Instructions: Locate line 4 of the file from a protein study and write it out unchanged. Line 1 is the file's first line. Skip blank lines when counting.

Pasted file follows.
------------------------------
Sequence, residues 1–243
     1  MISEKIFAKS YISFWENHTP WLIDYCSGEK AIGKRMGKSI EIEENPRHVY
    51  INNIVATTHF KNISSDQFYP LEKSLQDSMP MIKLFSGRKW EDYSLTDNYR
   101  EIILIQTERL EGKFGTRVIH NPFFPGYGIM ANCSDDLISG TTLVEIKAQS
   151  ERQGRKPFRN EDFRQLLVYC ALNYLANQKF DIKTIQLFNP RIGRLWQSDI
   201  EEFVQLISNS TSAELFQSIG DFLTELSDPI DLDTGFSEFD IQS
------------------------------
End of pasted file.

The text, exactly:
   101  EIILIQTERL EGKFGTRVIH NPFFPGYGIM ANCSDDLISG TTLVEIKAQS